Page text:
Knowingly or unknowingly we all think of death and how it might come to claim us. Quite natural. But there are some of us who anticipate it every time thus losing out on the present scenario called 'living.' This post was gradually born when I was in the midst of a lecture on British Literature. The resource person is a retired professor of Literature and a charming old man. But I noticed that many times in the course of his lecture, he invariably spoke of death. He told us about a man who travelled with him the day before in train but died due to cardiac arrest this morning. And after that, he remarked: "What if I die the same way today?" While adjusting the microphone's volume, he would say: "What if there is a shock and I die?"
I quite agree that for a man of his age, death is something that constantly niggles the mind but to anticipate it all the time is a bit unnerving. It is a fact that everyone who comes into this world must go, but why waste the precious moments thinking of something that will anyway come.
At this juncture, I would also like to cite another example. There is a man who serves as a gate-keeper in our University. He happened to chat with us a few days ago. He is a man who has retired from the Army. What he told us never left my mind: "The life in Army was wonderful. Even though death was always lurking, it was a great life. Now there is nothing left. Life has become boring." His words stuck me. Imagine always living in the shadow of death! There might be a bomb-blast or a bullet-rain anytime. But that man was very happy. In fact, he even has a bullet wound on his shoulder and left thigh but it has not deterred him. He finds civilian life boring! What a contrast between the old professor and the retired army gate-keeper.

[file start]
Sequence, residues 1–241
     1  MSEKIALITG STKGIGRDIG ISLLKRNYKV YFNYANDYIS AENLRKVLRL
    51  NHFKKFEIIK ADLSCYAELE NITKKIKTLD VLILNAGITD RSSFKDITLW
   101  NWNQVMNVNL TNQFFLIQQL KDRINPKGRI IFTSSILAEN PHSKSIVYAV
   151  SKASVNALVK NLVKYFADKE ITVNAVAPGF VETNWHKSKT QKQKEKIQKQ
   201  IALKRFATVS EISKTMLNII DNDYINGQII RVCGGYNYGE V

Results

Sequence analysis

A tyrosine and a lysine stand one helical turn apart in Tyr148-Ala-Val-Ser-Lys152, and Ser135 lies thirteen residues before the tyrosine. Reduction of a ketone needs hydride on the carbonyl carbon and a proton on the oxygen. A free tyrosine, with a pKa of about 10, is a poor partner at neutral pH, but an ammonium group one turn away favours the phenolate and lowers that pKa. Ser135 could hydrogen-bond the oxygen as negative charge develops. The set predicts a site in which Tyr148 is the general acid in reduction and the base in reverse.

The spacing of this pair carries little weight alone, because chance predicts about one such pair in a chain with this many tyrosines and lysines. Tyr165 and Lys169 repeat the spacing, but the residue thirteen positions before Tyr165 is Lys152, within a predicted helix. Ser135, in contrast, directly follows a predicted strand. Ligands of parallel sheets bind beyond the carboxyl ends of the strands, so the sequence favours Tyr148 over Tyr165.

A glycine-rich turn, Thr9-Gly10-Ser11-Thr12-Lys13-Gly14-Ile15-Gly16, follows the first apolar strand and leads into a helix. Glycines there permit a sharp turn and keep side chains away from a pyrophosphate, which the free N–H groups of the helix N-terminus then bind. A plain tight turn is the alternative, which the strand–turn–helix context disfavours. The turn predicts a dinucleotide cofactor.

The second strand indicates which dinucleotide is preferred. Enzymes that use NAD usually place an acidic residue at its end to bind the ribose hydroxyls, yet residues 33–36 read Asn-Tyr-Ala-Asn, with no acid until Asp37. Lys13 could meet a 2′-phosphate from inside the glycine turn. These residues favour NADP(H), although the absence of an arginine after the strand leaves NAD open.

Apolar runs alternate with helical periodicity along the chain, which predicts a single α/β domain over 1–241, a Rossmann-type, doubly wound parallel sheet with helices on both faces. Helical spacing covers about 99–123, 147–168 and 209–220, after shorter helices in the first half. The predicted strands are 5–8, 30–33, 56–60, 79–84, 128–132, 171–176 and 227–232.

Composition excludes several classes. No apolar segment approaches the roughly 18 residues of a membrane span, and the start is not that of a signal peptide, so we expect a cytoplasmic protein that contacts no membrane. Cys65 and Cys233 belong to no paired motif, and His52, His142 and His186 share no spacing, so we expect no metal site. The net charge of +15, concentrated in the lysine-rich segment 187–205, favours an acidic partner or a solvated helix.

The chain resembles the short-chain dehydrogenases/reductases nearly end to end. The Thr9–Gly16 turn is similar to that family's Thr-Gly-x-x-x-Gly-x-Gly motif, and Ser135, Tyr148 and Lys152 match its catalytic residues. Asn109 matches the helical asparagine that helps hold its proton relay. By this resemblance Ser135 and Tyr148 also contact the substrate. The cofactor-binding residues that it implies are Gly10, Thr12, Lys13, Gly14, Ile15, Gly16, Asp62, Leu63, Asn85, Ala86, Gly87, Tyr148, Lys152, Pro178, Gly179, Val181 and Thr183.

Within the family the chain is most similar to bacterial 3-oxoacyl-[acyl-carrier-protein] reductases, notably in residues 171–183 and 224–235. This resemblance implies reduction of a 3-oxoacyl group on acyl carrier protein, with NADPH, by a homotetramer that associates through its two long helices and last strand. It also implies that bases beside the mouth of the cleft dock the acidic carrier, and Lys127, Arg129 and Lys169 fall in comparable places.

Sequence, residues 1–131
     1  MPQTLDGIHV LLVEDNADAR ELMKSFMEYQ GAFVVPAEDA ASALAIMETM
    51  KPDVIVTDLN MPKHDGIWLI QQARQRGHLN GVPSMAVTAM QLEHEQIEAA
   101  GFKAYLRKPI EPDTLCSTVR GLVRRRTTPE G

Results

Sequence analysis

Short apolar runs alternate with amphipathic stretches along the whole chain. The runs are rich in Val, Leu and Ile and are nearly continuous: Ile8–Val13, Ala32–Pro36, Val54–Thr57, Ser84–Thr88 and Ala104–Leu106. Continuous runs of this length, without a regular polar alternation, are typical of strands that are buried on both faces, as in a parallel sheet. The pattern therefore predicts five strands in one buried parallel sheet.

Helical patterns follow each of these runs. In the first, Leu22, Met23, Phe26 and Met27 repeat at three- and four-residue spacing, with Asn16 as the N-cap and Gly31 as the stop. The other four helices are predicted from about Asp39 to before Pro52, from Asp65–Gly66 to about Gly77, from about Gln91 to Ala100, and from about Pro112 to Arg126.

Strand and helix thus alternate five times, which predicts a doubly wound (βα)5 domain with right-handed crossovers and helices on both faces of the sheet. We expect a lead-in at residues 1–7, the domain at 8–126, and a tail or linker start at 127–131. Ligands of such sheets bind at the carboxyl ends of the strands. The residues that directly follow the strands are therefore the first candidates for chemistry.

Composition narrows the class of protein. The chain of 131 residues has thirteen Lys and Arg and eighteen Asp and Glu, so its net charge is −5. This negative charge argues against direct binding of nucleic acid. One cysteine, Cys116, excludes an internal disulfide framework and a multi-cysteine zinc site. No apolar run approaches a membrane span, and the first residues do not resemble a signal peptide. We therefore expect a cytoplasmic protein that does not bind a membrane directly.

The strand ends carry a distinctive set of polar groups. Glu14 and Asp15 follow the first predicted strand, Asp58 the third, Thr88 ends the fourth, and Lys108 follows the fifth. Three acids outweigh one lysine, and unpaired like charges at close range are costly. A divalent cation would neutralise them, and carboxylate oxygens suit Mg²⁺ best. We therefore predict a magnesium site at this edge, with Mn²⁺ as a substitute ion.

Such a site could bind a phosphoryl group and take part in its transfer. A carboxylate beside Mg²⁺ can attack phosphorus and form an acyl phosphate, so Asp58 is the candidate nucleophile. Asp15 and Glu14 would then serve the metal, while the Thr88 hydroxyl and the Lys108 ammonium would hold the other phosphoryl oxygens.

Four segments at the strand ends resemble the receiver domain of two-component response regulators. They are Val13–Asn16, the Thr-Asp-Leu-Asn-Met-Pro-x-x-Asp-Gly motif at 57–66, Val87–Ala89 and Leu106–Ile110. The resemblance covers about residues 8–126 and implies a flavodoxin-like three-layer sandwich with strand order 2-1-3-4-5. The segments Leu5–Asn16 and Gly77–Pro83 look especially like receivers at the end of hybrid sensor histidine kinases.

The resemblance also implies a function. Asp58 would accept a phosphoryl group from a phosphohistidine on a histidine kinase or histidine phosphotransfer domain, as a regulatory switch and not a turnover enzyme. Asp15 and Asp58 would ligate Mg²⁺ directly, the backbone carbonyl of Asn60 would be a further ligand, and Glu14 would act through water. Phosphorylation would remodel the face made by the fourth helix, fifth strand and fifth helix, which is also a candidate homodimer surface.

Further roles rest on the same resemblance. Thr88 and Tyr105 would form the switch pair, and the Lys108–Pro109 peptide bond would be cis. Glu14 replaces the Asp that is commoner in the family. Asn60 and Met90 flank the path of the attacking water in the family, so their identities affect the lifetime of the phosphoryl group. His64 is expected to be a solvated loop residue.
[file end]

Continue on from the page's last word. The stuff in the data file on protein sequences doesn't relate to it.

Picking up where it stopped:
I often think of death and the various things associated with it. In fact I have even imagined my own death with people saying things like: "Even yesterday, she was having coffee with me and talking about D. H Lawrence!" Well, so much so for death.
Let me pause with a lovely poem on death by John Donne:
Death be not proud, though some have called thee
Mighty and dreadfull, for, thou art not soe,
For, those, whom thou think'st, thou dost overthrow,
Die not, poore death, nor yet canst thou kill mee.
From rest and sleepe, which but thy pictures bee,
Much pleasure, then from thee, much more must flow,
And soonest our best men with thee doe goe,
Rest of their bones, and soules deliverie.
Thou art slave to Fate, Chance, kings, and desperate men,
And dost with poyson, warre, and sicknesse dwell,
And poppie, or charmes can make us sleepe as well,
And better then thy stroake; why swell'st thou then?
One short sleepe past, wee wake eternally,
And death shall be no more; death, thou shalt die.
So, do you ever think of death? Does it scare you or does it seem like an extension of life in another form? Would love to hear your thoughts.
Poem courtesy: Internet